In Hudson v. State Farm Mutual Automobile Insurance Co., a woman was rear-ended by an unidentified driver in October 2010. Following the car accident, the woman reported the collision to her automobile insurance company. She also made arrangements to have her vehicle inspected for damage. About seven months later, the woman sought payment for medical expenses that were apparently related to the car wreck as part of her uninsured or underinsured motorist coverage.
About three months later, the insurer sent the woman a letter stating the statute of limitations would expire on the one-year anniversary of her traffic accident if she failed to settle her claim or file a lawsuit against the company prior to that date. A statute of limitations is a maximum time limit during which a lawsuit may be filed. If a plaintiff does not file his or her case before the prescribed statute of limitations expires, the plaintiff is normally permanently barred from recovering any damages, regardless of his or her harm. Soon after receiving the letter, the woman finally sought medical treatment for the injuries she allegedly sustained in the rear-end automobile crash. After an initial consultation, the woman’s doctor diagnosed her with a “lumbar torsion” that may have been caused by the motor vehicle collision, and she began receiving physical therapy. Her auto insurer then denied the woman’s personal injury claim because it determined that her physical harm was not related to the traffic crash.
A few days before the statute of limitations expired, the injured woman filed a case against her insurer in Blount County, Tennessee. Several months later, she filed a second case, adding her husband as a loss of consortium plaintiff and the unknown driver as a defendant. She later amended her lawsuit to include a claim for negligence against the unknown motorist who struck her vehicle as well as Tennessee Consumer Protection Act (“TCPA”), bad faith, and breach of contract claims against her car insurance company. The insurer then successfully removed the lawsuit from state court to the Eastern District of Tennessee, Knoxville Division.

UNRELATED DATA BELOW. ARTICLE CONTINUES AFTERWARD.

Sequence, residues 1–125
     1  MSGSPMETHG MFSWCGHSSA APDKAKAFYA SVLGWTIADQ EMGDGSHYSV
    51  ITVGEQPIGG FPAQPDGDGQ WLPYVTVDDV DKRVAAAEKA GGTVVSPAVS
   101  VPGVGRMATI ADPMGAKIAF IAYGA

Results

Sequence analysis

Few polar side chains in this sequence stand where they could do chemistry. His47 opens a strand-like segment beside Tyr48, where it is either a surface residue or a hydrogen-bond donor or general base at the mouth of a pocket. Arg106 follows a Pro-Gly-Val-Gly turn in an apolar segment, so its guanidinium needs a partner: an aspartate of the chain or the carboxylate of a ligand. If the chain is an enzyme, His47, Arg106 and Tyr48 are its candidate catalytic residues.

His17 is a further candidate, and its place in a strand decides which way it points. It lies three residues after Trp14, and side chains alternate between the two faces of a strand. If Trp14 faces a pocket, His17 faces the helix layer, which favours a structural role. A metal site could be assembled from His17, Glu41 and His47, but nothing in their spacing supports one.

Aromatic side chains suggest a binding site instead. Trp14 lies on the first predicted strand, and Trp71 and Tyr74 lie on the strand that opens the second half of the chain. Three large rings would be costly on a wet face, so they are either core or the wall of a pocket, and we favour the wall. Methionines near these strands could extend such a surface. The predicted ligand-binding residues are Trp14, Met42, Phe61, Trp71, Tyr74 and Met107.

Following removal, the insurance company filed a motion for summary judgment. In order to prevail on such a motion, a party to a lawsuit must demonstrate that no issue of material fact is in dispute and that the party is entitled to judgment as a matter of law. In addition, a court is generally required to construe the facts of the case in favor of the non-moving party. Still, the mere possibility that a factual dispute may exist is not enough to defeat a motion for summary judgment.
According to the Eastern District of Tennessee, the woman’s second complaint was barred by the statute of limitations because it was filed more than one year after the date of her alleged harm. Similarly, the federal court granted summary judgment in favor of the insurer over her husband’s loss of consortium claim. The court also granted the insurance company’s motion with regard to the woman’s bad faith insurance claim because she failed to plead the elements required to show the insurer acted in bad faith when handling her damages claim. In addition, the federal court dismissed the woman’s equitable estoppel argument against the automobile insurance company. Equitable estoppel is a legal doctrine that allows a court to deny a party that somehow acted unfairly any requested relief that the party may otherwise be entitled to.
Next, the court dismissed the woman’s TCPA claim because she failed to demonstrate an ascertainable loss sufficient to support it. Finally, although the woman’s breach of contract claim over her uninsured or underinsured motorist coverage was time barred, the court stated her property damage claim remained unresolved because the insurer failed to address it in the company’s motion for summary judgment.
If you were injured in a motor vehicle collision, you need a knowledgeable lawyer on your side to help you protect your rights. The hardworking attorneys at the Hartsoe Law Firm, P.C. provide quality legal representation to injured clients in Knoxville and throughout Eastern Tennessee. To speak with a seasoned lawyer about your personal injury case, you should call the Hartsoe Law Firm, P.C. today at (865) 524-5657. You may also contact us through our website.
Hudson v. State Farm Mutual Automobile Insurance Co., Dist. Court, ED Tennessee 2013
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